System Bits: Oct. 1


Jumping the gap in microchips A quasi-particle that travels along the interface of a metal and dielectric material may be the solution to problems caused by shrinking electronic components, according to an international team of engineers. "Microelectronic chips are ubiquitous today," said Akhlesh Lakhtakia, Evan Pugh University Professor and Charles Godfrey Binder Professor of Engineering S... » read more

System Bits: Sept. 24


Quantum states Many companies and academic researchers are working on quantum computing technology, including the University of Buffalo. New research on two-dimensional tungsten disulfide (WS2) could open the door to advances in quantum computing, UB reports. In a paper published Sept. 13 in Nature Communications, scientists report that they can manipulate the electronic properties of th... » read more

System Bits: Aug. 20


Blockchain integrated into energy systems Researchers at Canada’s University of Waterloo integrated blockchain technology into energy systems, a development that may expand charging infrastructure for electric vehicles. In a study that outlines the new blockchain-oriented charging system, the researchers found that there is a lack of trust among charging service providers, property owners... » read more

System Bits: Aug. 5


Algorithm could advance quantum computing Scientists at the Los Alamos National Laboratory report the development of a quantum computing algorithm that promises to provide a better understanding of the quantum-to-classical transition, enabling model systems for biological proteins and other advanced applications. “The quantum-to-classical transition occurs when you add more and more parti... » read more

System Bits: May 14


Faster U.S. supercomputers on the way The U.S. Department of Energy awarded a contract for more than $600 million to Cray for an exascale supercomputer to be installed at the Oak Ridge National Laboratory during 2021. Cray will provide its Shasta architecture and Slingshot interconnect for what is dubbed the Frontier supercomputer. Advanced Micro Devices will have a key role in building the... » read more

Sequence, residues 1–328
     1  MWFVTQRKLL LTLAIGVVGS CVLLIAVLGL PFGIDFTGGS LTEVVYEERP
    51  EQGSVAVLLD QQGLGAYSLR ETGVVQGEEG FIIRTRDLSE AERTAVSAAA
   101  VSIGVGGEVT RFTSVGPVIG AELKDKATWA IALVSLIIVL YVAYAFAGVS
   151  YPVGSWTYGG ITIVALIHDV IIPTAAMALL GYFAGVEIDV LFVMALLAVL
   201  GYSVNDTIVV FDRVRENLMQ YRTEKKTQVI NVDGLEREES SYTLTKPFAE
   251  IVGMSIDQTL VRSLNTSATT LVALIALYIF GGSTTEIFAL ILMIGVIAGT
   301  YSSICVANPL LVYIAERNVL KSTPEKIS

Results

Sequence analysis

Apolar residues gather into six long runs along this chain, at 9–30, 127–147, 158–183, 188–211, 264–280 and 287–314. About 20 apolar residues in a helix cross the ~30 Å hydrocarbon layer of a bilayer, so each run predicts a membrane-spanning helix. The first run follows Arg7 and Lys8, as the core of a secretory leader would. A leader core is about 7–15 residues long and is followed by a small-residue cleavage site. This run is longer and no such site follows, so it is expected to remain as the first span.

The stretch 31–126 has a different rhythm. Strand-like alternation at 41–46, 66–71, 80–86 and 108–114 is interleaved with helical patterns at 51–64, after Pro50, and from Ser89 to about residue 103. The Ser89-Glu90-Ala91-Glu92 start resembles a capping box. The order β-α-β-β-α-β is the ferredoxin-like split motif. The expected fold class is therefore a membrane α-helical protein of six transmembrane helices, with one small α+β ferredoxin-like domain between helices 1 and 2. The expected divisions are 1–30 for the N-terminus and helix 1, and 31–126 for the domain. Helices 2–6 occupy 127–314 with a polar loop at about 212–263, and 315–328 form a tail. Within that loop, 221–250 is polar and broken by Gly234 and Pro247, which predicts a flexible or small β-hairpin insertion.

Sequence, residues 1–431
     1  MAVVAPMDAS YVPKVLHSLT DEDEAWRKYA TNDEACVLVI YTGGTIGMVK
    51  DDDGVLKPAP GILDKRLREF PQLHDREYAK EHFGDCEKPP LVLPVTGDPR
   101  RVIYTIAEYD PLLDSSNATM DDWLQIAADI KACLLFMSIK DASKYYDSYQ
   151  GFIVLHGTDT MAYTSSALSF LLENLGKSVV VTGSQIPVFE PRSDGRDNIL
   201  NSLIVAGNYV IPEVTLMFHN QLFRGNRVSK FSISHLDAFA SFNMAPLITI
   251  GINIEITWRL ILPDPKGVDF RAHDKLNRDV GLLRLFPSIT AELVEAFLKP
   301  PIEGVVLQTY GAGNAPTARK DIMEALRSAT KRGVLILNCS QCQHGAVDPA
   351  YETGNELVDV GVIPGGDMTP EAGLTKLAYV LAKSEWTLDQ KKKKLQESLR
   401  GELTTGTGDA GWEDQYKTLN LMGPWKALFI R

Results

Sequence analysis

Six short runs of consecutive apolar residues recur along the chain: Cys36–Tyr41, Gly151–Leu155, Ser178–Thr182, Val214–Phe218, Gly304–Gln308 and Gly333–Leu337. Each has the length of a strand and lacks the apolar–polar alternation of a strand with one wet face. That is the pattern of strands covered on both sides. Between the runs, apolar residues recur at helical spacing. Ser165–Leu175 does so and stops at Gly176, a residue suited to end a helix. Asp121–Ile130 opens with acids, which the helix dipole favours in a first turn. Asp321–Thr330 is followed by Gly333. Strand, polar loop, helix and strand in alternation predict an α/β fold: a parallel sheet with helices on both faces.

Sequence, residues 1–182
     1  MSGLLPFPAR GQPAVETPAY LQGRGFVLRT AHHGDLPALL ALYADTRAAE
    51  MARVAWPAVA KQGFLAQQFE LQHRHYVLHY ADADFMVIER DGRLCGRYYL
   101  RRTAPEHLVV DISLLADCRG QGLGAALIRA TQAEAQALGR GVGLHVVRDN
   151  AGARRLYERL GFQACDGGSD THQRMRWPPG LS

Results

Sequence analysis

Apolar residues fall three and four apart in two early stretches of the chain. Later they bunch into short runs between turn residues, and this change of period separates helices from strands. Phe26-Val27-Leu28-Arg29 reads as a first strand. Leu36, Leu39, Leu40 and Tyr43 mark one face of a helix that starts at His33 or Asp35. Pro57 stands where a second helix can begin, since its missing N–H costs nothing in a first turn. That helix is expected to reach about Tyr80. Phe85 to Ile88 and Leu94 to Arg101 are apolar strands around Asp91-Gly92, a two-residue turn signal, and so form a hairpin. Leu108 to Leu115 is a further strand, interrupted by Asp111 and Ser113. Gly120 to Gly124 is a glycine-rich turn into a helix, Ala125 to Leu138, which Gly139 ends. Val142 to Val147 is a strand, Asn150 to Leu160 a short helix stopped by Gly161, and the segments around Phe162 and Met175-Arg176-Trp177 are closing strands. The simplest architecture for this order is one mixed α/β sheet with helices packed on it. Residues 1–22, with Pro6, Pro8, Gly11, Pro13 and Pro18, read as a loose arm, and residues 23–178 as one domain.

Power/Performance Bits: Mar. 11


Reading qubits faster Researchers at Aalto University and VTT Technical Research Centre of Finland propose a faster way to read information from qubits, the building blocks of quantum computers. Currently, they are extremely sensitive to disruption even in cryogenic environments, holding quantum information for less than a millisecond. In the method now used to read information from a qubit... » read more

Quantum Issues And Progress


Quantum computing is showing significant promise, and research is beginning to move from the earliest stages to a deeper understanding of what works best commercially and why. On paper, quantum computing algorithms are potentially revolutionary. They suggest a way to solve some problems more quickly and more accurately than conventional computers ever could. But out in the real world of prac... » read more

System Bits: Sept. 25


Schottky diodes: One 2D material equation to rule them all Specifying the right materials for the heterostructure of 2D Schottky diodes—which consist of a metal touching a semiconductor—means designers have to wade through sometimes conflicting theoretical models to select materials. “It is not uncommon to see a model, whose underlying physics fundamentally contradicts with the physical ... » read more

Quantum Computing Becoming Real


Quantum computing will begin rolling out in increasingly useful ways over the next few years, setting the stage for what ultimately could lead to a shakeup in high-performance computing and eventually in the cloud. Quantum computing has long been viewed as some futuristic research project with possible commercial applications. It typically needs to run at temperatures close to absolute zero,... » read more

System Bits: April 3


Investigating the human brain for quantum computation potential While much has been made of quantum computing processes using ultracold atoms and ions, superconducting junctions and defects in diamonds, researchers are questioning if this could be performed in human brains. In fact, UC Santa Barbara theoretical physicist Matthew Fisher has been asking this question for years. And now as scient... » read more

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